While lakes and rivers are known contributors of carbon dioxide (CO2) in the region’s carbon dynamics and budget, some have become carbon sinks as opposed to carbon sources. In most healthy systems, lakes ideally function as carbon sources, absorbing large amounts of carbon and releasing more carbon dioxide than they take in. Even with their higher outputs, lakes are essential to the carbon cycle as the carbon they release is used elsewhere in the loop.
Unfortunately, climate change and the human impacts leading to changes in water levels have led many foundational lakes in regions across the world to become carbon sinks. Simply put, these carbon sink lakes absorb more carbon than they release. Good examples of naturally-occurring carbon sinks are vegetation and soil, which typically absorb more CO2 than they release.
When lakes that have typically been carbon sources for a region are transformed into carbon sinks, surrounding forests feel the impact as less carbon is available. Droughts and dam construction that lead to changes in water levels are known to impact carbon dynamics in lakes and the surrounding waterways. A 2023 study published in the Geophysical Research Letters examined the influence of the Three Gorges Dam operations on carbon dynamics in Poyang Lake, China.
The researchers combined eddy covariance observations and random forest models over multiple decades to examine variances pre- and post-construction of the Three Gorges Dam operation. The study was conducted in Poyang Lake, the largest freshwater lake in China. Poyang Lake “plays an important role in flood control and domestic water provision, and serves as a vital waterway for transportation.”1,2,3 The lake also supports the surrounding wetland.
The study compiled a long-term CO2 flux data set for Poyang Lake from 1961 to 2016 and separated the contributions of climate change and human activities, particularly the TGD operation.1 The focus of the study was to highlight how human activities, like dam projects, impact regional carbon budgets.
Over the observed decades, the study found that Lake Poyang fluctuated between a C02 source and sink from 1961 to 2016. In particular, they noted a trend of the lake tending to be a carbon sink in the years following the dam’s construction in 2003. The changes were linked to declines in water levels which allowed the surrounding wetland vegetation to expand.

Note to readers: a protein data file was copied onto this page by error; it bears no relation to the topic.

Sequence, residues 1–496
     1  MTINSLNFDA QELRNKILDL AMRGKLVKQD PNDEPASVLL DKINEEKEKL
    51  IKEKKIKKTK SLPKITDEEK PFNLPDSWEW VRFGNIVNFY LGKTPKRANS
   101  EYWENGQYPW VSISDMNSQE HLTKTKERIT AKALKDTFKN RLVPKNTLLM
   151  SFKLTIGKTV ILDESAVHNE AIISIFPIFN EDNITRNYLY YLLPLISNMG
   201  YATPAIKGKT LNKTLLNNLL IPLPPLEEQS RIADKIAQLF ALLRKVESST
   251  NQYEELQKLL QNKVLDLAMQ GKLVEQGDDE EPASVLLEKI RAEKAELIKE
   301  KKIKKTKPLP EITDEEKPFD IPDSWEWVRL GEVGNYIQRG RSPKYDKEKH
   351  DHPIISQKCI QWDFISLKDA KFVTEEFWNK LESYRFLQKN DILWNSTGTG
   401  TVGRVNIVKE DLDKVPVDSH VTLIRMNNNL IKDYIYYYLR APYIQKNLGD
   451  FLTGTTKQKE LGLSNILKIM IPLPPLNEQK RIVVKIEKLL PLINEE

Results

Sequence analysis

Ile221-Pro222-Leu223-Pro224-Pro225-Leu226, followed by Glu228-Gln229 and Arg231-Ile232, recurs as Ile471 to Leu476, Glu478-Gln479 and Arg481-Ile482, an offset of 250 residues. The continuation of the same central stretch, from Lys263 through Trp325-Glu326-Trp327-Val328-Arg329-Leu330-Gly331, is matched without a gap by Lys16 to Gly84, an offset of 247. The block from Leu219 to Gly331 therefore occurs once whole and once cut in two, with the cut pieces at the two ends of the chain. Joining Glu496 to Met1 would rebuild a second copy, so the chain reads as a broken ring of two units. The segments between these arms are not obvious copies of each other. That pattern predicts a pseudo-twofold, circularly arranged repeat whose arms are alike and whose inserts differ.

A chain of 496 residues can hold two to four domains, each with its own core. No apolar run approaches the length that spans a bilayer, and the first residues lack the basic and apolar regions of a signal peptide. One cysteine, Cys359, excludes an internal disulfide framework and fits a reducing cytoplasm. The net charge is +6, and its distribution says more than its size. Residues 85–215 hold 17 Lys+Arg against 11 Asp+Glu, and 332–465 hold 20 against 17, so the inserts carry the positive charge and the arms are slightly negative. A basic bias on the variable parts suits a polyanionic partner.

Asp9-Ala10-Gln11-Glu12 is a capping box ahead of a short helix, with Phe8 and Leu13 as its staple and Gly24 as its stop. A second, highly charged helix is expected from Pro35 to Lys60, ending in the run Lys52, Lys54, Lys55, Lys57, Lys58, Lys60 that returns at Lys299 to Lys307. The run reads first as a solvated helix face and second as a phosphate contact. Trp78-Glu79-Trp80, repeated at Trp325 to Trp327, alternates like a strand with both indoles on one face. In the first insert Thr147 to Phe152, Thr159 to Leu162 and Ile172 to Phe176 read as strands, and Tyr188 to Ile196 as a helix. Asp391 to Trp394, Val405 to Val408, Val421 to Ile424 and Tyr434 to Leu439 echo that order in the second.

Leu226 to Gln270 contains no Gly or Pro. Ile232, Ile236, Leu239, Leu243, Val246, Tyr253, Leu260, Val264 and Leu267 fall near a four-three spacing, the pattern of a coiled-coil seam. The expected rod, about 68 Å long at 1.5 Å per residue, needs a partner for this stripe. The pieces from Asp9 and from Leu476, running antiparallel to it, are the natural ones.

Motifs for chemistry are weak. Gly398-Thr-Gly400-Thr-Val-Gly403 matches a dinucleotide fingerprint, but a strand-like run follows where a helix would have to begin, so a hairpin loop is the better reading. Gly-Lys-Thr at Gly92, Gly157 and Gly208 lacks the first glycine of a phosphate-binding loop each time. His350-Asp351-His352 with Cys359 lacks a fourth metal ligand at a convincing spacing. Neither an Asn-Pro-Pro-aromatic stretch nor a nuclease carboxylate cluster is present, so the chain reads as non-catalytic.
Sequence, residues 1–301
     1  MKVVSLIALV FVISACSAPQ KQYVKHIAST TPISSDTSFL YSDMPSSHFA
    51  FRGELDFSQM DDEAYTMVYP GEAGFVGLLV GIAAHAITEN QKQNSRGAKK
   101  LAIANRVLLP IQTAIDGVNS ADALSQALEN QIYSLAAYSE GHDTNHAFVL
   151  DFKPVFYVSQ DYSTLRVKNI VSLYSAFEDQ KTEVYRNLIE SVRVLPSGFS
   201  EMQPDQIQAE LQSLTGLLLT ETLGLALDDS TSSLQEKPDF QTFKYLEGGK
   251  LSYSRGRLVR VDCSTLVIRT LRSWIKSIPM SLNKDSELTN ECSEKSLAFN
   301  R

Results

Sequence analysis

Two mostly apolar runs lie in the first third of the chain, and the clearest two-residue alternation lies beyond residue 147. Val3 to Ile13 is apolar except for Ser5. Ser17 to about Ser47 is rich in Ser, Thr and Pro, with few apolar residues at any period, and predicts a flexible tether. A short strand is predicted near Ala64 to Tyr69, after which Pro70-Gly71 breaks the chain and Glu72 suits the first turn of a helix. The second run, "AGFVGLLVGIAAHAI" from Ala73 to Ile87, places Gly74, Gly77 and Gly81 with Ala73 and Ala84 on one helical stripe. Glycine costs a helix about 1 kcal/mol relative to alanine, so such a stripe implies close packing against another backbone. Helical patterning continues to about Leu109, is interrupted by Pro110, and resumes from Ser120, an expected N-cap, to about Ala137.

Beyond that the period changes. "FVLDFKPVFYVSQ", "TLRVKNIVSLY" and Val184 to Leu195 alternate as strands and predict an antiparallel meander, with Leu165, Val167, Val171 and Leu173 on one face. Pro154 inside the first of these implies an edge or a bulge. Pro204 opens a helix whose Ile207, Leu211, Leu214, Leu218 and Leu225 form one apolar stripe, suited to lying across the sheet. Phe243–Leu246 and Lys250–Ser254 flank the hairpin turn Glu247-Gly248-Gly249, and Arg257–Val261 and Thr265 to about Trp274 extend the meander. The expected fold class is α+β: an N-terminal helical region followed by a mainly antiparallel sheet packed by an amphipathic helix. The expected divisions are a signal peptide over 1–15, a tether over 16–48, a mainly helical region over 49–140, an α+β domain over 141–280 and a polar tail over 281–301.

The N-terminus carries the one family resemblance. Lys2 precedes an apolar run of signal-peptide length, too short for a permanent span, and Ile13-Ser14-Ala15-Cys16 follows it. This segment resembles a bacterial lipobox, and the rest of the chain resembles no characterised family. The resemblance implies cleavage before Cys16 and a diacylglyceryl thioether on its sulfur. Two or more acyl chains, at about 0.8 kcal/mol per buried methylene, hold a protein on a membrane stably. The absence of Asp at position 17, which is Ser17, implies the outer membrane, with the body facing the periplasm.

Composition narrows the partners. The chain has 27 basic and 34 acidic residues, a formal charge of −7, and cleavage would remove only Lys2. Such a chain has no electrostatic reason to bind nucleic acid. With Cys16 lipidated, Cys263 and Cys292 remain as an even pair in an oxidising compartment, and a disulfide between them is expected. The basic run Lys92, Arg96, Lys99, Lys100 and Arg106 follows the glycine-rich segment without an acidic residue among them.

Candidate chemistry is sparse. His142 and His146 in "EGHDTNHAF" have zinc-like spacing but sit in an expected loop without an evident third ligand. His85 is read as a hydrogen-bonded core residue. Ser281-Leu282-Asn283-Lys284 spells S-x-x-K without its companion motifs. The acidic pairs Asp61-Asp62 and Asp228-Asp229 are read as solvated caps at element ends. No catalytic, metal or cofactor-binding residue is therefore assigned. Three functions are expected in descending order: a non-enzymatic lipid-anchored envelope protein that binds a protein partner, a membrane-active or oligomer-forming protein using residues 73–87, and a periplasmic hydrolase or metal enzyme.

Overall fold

Overall, the research notes that the water-rising stage and high-water stage were shortened on average by 11 and 16 days, respectively. Shallower water, paired with climate change increasing annual temperatures, leads to warmer water that produces less carbon dioxide. The study warns that changes in the region’s carbon dynamics will have lasting impacts on the carbon budget, stating, “The TGD influence on downstream lake carbon fluxes cannot be ignored.”1
- Zhao, X., Fan, X., Griffis, T. J., Xiao, K., Li, X., Liu, Y., et al. (2023). Three Gorges Dam operations affect the carbon dioxide budget of a large downstream connected lake. Geophysical Research Letters, 50, e2022GL102697. https://doi.org/10.1029/2022GL102697Shankman, D., & Liang, Q. (2003). Landscape changes and increasing flood frequency in China’s Poyang Lake region. The Professional Geographer, 55(4), 434–445. https://doi.org/10.1111/0033-0124.5504003
- Zhu, H., & Zhang, B. (1997). Poyang Lake. Press of University of Science and Technology of China.